Expected Highest Groundwater Level (EHGL)


You’d rather not experience water pushing up from the ground into the basement of your new house. In Berlin, however, many people live with this risk, as the groundwater lies only just below the surface. Planners and building owners therefore need to be aware of how high it may rise.

Groundwater levels have been recorded regularly throughout the entire city for many decades. These records demonstrate, for example, how humans have repeatedly caused water levels to fall and rise by building canals, underground railway shafts or consciously saving water in the past. Under the current conditions, however, the groundwater may rise a little higher than usual in future, depending on the weather.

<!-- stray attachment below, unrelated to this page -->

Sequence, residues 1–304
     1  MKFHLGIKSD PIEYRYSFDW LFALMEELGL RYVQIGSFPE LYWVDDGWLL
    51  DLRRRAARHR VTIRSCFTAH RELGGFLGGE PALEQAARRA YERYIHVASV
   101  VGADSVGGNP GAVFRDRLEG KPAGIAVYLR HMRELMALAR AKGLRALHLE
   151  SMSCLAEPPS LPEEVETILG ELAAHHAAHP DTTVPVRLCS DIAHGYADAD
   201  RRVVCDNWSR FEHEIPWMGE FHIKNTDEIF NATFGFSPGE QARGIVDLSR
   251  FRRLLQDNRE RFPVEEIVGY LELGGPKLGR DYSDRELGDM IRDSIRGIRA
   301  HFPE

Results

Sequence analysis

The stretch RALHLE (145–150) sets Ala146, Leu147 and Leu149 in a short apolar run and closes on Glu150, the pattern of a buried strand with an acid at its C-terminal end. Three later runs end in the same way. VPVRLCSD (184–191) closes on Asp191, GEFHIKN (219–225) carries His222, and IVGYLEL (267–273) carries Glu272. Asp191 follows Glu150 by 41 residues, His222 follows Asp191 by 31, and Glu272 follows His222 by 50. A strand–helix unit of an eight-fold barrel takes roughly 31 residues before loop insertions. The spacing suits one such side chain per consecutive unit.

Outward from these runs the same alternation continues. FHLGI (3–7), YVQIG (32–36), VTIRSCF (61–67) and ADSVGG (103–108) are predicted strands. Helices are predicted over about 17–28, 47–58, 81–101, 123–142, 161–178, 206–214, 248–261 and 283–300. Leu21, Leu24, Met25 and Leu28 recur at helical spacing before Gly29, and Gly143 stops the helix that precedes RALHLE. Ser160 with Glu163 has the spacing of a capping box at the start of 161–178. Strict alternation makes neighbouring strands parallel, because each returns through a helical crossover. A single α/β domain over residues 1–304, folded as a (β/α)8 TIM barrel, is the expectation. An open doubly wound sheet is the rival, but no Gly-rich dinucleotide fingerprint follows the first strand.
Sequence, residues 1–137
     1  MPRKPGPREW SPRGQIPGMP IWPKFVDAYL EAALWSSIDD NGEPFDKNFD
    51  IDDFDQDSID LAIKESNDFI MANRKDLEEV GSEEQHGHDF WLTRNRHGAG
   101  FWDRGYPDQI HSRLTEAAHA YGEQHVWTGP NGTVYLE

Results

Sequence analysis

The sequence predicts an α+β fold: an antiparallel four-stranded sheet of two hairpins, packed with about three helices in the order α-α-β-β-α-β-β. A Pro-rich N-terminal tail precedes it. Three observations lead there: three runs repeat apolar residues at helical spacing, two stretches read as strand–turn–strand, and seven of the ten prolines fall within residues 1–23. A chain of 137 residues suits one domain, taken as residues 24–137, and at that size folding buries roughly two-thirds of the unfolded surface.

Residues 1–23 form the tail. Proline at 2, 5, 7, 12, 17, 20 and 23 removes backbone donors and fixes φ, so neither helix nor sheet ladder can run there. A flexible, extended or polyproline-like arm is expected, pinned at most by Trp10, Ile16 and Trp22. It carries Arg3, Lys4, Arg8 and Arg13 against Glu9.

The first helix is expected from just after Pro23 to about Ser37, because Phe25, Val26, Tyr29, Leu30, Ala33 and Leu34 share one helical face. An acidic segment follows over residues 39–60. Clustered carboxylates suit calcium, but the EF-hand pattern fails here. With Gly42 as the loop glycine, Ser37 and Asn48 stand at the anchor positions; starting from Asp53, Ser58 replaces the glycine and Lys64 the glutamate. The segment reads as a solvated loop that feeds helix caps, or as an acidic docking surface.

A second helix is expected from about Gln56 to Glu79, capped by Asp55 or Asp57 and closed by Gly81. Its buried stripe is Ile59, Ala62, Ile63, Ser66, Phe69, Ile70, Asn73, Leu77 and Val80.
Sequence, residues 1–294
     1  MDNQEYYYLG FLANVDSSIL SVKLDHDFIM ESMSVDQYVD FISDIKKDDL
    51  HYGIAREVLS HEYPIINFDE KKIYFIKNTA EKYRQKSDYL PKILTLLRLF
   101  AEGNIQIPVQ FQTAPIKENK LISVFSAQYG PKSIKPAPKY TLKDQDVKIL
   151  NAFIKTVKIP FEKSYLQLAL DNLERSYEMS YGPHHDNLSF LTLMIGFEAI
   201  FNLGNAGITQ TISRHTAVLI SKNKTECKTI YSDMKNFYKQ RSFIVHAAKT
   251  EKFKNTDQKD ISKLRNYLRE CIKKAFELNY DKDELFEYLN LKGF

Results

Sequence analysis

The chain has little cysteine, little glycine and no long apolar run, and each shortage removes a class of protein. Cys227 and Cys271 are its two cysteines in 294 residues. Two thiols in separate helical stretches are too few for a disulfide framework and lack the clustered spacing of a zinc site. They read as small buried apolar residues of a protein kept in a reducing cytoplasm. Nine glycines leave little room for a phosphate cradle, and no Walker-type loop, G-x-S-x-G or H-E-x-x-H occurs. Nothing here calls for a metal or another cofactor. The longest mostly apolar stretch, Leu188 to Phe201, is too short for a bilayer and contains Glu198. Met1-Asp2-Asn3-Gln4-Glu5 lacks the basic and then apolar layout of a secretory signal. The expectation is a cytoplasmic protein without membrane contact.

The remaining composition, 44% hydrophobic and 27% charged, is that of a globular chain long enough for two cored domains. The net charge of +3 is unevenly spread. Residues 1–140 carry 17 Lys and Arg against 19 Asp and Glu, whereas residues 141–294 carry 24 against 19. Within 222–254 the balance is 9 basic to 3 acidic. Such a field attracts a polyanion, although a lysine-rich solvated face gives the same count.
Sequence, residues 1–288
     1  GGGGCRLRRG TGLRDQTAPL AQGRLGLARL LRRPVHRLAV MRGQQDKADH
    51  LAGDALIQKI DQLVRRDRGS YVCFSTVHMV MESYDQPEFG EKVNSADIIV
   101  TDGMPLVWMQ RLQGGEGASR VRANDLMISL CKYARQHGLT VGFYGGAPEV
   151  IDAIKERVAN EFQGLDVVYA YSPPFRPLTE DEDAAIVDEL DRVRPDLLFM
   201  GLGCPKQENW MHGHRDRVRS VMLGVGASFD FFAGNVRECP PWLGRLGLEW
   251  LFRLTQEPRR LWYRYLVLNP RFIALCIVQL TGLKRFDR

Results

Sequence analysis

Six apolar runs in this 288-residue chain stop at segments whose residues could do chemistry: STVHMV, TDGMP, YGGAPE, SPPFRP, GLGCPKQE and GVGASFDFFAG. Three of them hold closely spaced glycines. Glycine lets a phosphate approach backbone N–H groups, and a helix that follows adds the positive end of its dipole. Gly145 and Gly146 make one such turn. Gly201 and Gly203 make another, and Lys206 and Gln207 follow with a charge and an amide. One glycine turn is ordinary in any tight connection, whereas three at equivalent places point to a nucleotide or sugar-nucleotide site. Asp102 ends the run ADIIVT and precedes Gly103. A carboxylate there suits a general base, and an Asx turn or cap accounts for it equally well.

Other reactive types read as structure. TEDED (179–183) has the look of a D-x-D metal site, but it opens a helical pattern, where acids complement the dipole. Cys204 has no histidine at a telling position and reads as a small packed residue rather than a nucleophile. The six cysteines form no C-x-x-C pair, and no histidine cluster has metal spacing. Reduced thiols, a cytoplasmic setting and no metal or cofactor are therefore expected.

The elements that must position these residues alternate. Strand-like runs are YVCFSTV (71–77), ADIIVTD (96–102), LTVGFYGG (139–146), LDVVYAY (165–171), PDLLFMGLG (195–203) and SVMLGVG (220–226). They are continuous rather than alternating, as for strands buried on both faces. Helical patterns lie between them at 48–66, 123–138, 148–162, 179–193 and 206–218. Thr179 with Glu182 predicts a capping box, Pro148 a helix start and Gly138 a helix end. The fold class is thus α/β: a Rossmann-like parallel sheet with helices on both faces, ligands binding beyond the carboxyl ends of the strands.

For this reason, experts simulate the expected highest groundwater level (EHGL) using a mathematical groundwater flow model. For this purpose, they combine, for example, the increased rainfall with groundwater levels that have been measured in the past. They also consider how the rock layers are arranged below ground. However, they do not consider artificial interventions, for example, the extraction of groundwater in the production of drinking water at the waterworks or future construction measures in the area of hydraulic engineering along the river Spree.

Relevant numbers are currently available for three quarters of the city area. They comprise the following areas: the Berlin glacial valley, Panke valley, Teltow Plateau and Nauen Plate, for which the groundwater levels of almost 3,500 measuring points were evaluated. For construction measures, it is crucial to remember that ‘floating groundwater’ can sometimes occur above water-confining layers near the surface in the plateau areas.

Access the exact numbers and find out how they were determined in this topic.